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Last but certainly not least is the RPC platform. We introduced a new partnership with AXYZ Design for photorealistic people content delivered as 3D+ RPCs. If you haven’t previewed and sampled these collections you owe it to yourself to take a look as they’re a spectacular way to liven up your renderings. In the past couple of months we were also pleased to announce the addition of 3 new rendering and visualization applications to the RPC family. It has been the year-of-Revit as Enscape, Revizto and V-Ray for Revit all have released RPC support in their latest releases.

While we’re continuing to augment and deliver the world’s most comprehensive collection of architectural entourage we’ve also been busy laying the groundwork for some exciting new ways you’ll be able to leverage the RPC platform. The current RPC Creator tool in Dashboard lets you convert any 2D TIFF or PNG image into an RPC, ready to use in your preferred modeling and and visualization applications. Get ready, we’re about to open up the ability to create your own 3D+ RPCs! We’re working to broaden your ability to create your own RPCs from existing models. Without getting into too much detail you’ll be able to convert most any 3d model into an RPC.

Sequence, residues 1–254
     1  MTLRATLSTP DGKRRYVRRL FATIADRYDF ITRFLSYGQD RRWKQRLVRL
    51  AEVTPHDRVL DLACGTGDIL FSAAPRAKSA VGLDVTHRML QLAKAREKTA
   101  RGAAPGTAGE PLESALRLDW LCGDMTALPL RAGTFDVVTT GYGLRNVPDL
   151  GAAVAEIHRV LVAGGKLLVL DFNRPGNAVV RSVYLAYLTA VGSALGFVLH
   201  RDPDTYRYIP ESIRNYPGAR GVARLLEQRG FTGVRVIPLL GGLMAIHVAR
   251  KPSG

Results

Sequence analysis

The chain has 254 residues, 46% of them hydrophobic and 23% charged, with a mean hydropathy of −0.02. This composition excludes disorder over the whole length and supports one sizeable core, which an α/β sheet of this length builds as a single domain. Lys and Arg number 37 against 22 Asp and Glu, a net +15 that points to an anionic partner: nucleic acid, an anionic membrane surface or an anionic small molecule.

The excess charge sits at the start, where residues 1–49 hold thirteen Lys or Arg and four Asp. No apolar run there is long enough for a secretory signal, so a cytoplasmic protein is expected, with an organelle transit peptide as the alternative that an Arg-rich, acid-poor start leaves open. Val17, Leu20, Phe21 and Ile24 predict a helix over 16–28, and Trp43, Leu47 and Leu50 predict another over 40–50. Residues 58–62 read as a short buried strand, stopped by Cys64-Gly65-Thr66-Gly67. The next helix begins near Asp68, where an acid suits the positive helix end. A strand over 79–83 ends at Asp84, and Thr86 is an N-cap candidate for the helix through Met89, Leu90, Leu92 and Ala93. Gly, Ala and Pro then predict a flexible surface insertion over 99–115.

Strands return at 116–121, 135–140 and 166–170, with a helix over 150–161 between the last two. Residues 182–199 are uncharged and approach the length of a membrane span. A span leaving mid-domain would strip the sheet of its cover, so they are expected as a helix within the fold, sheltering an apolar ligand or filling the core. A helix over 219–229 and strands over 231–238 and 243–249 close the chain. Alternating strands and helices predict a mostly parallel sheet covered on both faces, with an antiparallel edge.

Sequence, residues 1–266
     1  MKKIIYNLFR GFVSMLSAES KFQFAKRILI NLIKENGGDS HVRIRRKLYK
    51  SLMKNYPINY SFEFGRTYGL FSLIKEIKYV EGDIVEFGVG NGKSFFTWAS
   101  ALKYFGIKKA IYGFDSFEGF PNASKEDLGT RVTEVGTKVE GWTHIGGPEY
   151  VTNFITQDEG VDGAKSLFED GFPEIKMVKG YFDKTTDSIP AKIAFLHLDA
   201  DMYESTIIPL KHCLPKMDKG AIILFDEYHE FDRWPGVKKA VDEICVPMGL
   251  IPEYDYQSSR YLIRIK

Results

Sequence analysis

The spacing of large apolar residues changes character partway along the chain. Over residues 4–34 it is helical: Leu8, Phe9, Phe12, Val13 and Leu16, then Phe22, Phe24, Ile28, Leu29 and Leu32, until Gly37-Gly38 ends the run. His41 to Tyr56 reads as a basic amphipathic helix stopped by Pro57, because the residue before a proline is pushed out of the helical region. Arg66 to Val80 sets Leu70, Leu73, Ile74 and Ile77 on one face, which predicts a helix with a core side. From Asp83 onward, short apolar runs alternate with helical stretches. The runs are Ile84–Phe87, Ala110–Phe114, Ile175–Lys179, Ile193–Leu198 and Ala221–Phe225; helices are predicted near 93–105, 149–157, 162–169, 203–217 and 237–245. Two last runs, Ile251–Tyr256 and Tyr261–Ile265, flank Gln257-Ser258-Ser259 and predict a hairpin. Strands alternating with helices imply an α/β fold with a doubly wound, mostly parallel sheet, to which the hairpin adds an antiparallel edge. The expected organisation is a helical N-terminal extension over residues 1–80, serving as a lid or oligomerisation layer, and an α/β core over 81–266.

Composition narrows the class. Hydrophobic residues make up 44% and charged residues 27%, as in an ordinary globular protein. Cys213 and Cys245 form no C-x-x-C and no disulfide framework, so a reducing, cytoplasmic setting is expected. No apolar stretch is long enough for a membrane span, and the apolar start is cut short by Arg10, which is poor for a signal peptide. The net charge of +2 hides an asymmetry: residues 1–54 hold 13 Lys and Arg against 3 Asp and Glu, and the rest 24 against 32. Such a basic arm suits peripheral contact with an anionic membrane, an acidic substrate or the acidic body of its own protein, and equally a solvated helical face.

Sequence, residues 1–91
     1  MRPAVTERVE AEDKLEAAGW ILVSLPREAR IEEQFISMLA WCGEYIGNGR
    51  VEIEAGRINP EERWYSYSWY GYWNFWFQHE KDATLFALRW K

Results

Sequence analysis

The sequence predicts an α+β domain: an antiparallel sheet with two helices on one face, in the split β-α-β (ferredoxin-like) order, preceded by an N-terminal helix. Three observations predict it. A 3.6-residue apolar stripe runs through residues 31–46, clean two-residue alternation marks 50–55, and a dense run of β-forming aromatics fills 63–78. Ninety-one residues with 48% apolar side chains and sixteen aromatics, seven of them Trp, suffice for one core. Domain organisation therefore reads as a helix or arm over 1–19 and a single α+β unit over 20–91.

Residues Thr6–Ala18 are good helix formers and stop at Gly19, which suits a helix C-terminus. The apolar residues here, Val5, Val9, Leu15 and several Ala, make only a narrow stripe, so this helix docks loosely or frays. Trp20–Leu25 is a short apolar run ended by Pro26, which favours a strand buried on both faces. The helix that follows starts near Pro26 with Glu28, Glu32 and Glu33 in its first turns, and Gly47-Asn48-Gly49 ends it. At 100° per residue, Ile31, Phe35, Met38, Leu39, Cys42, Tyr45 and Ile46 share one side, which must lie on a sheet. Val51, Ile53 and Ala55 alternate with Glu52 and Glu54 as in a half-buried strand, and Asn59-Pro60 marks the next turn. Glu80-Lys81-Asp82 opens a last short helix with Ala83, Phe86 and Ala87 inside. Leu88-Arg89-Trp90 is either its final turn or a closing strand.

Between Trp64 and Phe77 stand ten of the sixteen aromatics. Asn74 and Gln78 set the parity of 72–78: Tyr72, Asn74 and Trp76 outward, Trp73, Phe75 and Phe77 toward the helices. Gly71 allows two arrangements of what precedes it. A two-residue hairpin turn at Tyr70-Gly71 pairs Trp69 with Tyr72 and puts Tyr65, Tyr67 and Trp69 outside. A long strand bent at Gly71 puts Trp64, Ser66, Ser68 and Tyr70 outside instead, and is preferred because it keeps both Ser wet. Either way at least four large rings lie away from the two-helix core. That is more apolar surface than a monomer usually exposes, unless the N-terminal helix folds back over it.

As an example consider the airplane in the image below. It started as a SketchUp model on 3D Warehouse, textures were “baked” in 3dsMax, exported along with the geometry and converted to RPC. The resulting RPC was then placed in Revit and rendered using Enscape. All within minutes! We’ll be launching the new RPC Creator capability as a web service accessible at labs.archvision.com soon so watch your inbox for details.

airplane

Thanks to everyone for your continued support. We couldn’t work on such fun projects without you! Looking forward to helping each of you in 2017.

Randall

Taming The Content Beast

with_the_lions_1Content is an insatiable beast. Demands are ever changing. As with most things, what worked yesterday is replaced by something that provides more value today.

At ArchVision we think of content in terms of flow, not something that’s static. While we continue to add new RPCs to your subscription plan we realize it is never enough. Though we try, it’s an impossible task to satisfy the thousands of unique needs of our customers across the globe.

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In order to best service and satisfy those varied needs we began investing in opening up the RPC Platform to encourage others to participate. We’ve always encouraged support for RPC content in the leading applications. The success of RPC begins and ends with broad support in what we call the “host” applications; the software you find critical to your daily workflow. Today you can use RPC content in 3ds Max, Autocad, Revit, Microstation, Rhino, FormZ, Modo, Photoshop and with the leading rendering solutions like V-Ray and Accurender. There’s rumor something might be in the works for SketchUp as well. Check out labs.archvision.com for more info.